Anyways, I've had a busy week at work, but I am definitely learning a lot. Today I had my first CFA test prep course, and I was quite pleased with myself as I had done a bit of studying beforehand. Jen said that today I was the kind of student she annoying in college: ahead of the teacher and asking questions about problems before other students. Trust me, though, this is *not* how I was in college, when always felt like I was in a fuzzy haze desperately trying to grasp the subjects. So a nice change of pace.

Saw Bowling for Columbine last Sunday, followed by an excellent brunch animated by intelligent conversation with four other talented and thoughtful women. A party sitting at an adjacent table apparently found our conversation more interesting than his dining companion's conversation.

I definitely want to write more about movie and some other deep thoughts on my mind, but that is an exercise that will take some time.

Wednesday, February 04, 2004

I used to dislike papaya, which had a far too pungent smell that would always make me nauseous. Recently, though, I've developed a fondness for it...actually, while on my trip to Thailand, where it was in the fruit medley one morning. Either the fruit has become milder (it does seem lighter in color now than in the summer) and sweeter, or my taste buds have the many other parts of me that have changed since moving to Asia...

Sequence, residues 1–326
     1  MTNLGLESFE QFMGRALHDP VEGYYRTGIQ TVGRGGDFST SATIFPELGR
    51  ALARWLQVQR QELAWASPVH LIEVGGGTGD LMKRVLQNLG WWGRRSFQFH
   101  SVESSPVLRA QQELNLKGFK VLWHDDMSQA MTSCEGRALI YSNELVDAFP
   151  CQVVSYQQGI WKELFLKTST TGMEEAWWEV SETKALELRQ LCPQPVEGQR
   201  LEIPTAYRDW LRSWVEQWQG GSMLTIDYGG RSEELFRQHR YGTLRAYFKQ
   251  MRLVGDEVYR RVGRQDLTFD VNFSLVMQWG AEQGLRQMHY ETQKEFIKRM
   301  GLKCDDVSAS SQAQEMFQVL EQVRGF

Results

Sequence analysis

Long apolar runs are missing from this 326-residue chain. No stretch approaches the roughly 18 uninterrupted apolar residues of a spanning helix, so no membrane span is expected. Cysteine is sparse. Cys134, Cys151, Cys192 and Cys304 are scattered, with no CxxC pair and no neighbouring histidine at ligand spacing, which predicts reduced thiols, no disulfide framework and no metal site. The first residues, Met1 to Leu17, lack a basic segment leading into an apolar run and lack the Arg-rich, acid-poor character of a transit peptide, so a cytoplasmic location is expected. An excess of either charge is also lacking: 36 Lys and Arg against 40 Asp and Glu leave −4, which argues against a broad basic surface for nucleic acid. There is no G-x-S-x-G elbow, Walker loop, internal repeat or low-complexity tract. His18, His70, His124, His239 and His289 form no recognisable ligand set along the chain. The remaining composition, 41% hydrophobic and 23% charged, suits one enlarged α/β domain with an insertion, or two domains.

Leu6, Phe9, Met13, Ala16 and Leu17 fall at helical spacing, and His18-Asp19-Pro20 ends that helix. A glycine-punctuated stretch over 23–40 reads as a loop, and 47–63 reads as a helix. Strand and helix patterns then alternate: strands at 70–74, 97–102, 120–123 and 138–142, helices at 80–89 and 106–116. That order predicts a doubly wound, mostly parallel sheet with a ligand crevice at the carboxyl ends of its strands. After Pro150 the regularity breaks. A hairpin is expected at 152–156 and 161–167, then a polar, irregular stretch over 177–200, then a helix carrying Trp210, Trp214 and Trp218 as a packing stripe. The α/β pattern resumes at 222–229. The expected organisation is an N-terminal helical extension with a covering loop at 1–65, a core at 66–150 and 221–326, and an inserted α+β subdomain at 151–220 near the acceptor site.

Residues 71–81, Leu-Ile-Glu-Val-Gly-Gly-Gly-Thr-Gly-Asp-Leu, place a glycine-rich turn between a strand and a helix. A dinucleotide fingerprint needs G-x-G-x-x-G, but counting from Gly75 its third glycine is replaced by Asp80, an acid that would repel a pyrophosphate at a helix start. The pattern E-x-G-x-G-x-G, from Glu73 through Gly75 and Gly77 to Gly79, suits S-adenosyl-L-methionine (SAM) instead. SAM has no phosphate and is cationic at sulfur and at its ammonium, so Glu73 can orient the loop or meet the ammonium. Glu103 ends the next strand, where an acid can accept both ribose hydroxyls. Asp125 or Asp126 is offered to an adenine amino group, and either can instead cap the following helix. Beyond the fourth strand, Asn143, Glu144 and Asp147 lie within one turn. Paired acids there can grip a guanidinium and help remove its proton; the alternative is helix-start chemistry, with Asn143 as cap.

Monday, February 02, 2004

More water rationing measures were announced in the Taipei Times last Friday. You wouldn't have guessed any measures existed at all, as the sidewalks in front of Warner Village were being hosed down on my walk to work Friday morning.

Thanks to Melissa, who forwarded this gem:
"he who has the most time to play with his toys and the most fun playing with them, wins."

Sunday, February 01, 2004

Thankfully the cold snap has finally broken. Sunshine and temperate temperatures at last!

Unfortunately, I was unable to make tai qi on Friday night because of a last-minute work project. I did manage to take Karen, Adella, and Evelyne (her first time!) to the climbing gym, where my solo climb for the evening was a most pretty and quick go over the overhang. Afterwards, Karen and I met up with Angela, Felix, and Mike to see "Seabiscuit," which was playing as part of a film series at Changchun Theater.

Saturday I got a hair cut, ran some errands, lolled around, had Indian food for dinner, and watched "Frida" (again, part of the same series at Changchun). Today has been more lolling about, errands, catching up on projects, and some studying. I still haven't sent my 2003 year-in-review email...and we're pushing well into the year of the monkey. Oh well.